Famous British street artist Banksy went undercover in Gaza and released a series of thought-provoking graffiti as well as a mini documentary.
Banksy also released a short two-minute documentary entitled “Make this the year YOU discover a new destination” on his website and YouTube page. In it, we see Banksy entering Gaza through one of the countless tunnels dug by Gazans across their borders with Egypt and Israel.
The documentary looks like a sarcastic version of a tourism ad as Banksy welcomes us to this city that's “well away from the tourist track”. He describes the people of Gaza as liking it so much they never leave, before adding between parentheses “because they're not allowed to”.
Banksy then went on to describe Gaza's neighbors as friendly, and then adding that over 18,000 homes were destroyed in Gaza during Israel's so-called ‘Operation Protective Edge’, as we previously covered on Global Voices. ‘Development opportunities are everywhere’, he tells us before adding “no cement has been allowed into Gaza since the bombing.”
Soon after, we see the first graffiti, entitled “Bomb Damage” and possibly inspired by Rodin's “The Thinker“. It was posted to his Instagram account and got over 12,000 likes at the time of writing. Rather than representing philosophy as The Thinker does, this figure seems to be sheltering herself from the devastation around her.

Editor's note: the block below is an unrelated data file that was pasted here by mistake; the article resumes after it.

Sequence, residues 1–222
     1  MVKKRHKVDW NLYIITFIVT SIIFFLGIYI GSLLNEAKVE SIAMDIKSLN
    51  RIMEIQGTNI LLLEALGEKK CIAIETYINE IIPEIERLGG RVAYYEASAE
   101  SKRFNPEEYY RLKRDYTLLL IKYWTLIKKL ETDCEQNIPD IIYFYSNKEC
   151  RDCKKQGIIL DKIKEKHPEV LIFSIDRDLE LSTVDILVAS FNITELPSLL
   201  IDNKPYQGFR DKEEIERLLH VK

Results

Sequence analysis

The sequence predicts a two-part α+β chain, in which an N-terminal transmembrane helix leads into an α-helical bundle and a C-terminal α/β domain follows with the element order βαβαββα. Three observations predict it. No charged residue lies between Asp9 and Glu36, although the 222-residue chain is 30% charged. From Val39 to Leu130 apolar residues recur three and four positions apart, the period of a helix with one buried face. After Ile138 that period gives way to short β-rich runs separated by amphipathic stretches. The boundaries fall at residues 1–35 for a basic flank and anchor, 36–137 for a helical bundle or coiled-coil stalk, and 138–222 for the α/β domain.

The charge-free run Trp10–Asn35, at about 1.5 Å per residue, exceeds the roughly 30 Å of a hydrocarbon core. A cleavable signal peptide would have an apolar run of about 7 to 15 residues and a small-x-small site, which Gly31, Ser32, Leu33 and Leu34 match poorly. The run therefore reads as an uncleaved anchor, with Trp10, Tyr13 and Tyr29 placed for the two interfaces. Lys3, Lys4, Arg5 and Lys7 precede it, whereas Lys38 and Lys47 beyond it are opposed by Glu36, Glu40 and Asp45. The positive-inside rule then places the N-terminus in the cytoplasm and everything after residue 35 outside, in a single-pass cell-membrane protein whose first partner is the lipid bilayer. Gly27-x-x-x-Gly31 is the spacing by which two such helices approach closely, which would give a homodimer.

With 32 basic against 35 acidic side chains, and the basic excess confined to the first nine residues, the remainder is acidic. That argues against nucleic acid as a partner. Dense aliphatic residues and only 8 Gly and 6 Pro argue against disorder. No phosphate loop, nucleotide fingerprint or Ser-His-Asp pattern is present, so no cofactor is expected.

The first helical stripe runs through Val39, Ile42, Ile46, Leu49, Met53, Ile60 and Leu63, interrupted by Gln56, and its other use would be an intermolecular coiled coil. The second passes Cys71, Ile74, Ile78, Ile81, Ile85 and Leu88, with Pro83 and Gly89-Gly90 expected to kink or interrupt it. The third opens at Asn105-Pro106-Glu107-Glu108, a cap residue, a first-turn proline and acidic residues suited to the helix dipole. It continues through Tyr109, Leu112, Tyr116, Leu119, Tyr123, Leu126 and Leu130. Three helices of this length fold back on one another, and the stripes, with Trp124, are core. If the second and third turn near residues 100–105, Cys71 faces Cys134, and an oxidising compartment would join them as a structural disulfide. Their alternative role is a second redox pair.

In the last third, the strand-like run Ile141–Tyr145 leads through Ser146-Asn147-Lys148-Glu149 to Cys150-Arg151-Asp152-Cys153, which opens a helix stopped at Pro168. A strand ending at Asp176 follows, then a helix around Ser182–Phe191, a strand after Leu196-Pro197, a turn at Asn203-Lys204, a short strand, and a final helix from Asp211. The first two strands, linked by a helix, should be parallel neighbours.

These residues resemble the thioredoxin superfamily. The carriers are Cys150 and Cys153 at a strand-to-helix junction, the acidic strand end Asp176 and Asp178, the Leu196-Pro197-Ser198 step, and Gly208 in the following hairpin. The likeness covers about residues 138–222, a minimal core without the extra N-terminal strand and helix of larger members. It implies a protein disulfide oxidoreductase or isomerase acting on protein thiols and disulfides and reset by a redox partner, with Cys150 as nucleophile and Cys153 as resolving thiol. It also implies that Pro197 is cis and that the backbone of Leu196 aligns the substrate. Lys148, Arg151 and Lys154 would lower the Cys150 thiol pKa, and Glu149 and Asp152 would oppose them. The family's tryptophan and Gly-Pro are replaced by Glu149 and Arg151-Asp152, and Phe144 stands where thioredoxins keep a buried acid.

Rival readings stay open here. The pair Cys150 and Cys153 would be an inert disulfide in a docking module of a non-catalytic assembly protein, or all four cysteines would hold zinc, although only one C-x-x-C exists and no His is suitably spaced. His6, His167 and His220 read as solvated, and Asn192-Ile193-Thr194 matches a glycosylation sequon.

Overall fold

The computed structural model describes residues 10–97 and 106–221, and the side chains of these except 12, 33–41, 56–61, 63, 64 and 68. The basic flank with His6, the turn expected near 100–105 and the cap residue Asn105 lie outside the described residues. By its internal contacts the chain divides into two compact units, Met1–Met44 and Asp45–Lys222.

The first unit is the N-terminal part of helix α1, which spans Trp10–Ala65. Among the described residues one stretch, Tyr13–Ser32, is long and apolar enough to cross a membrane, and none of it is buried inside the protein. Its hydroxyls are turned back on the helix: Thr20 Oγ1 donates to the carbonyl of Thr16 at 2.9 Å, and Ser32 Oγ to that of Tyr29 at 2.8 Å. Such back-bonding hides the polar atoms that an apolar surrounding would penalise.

The second one, originally posted on streetartnews, transforms a symbol of Israel's occupation, a towering guard station, into an object of amusement for children. Guard stations are placed along the ‘Apartheid Wall’, one of the terms used for Israel's West Bank barrier, which will be approximately 700km (434 miles) upon completion.
The third one targets the Internet's love of cats. In it, we see a kitten playing with a ball of coiled metal rather than the usual cotton ball. Banksy was quoted in RT as saying: “A local man came up and said ‘Please – what does this mean?’ I explained I wanted to highlight the destruction in Gaza by posting photos on my website – but on the internet people only look at pictures of kittens.”
We see Gazan children playing next to the kitten, and a father interviewed by Banksy tells us:
This cat tells the whole world that she is missing joy in her life. The cat found something to play with. What about our children? What about our children?
Finally, Banksy's message can be summarized by the quote he wrote on a wall in Gaza, which reads:
If we wash our hands of the conflict between the powerful and the powerless, we side with the powerful – we don't remain neutral.
This is not the first time that Banksy visits Palestine. The graffiti that he made on the Palestinian side of the West Bank barrier remains some of his most well-known ones. Here are a few of them.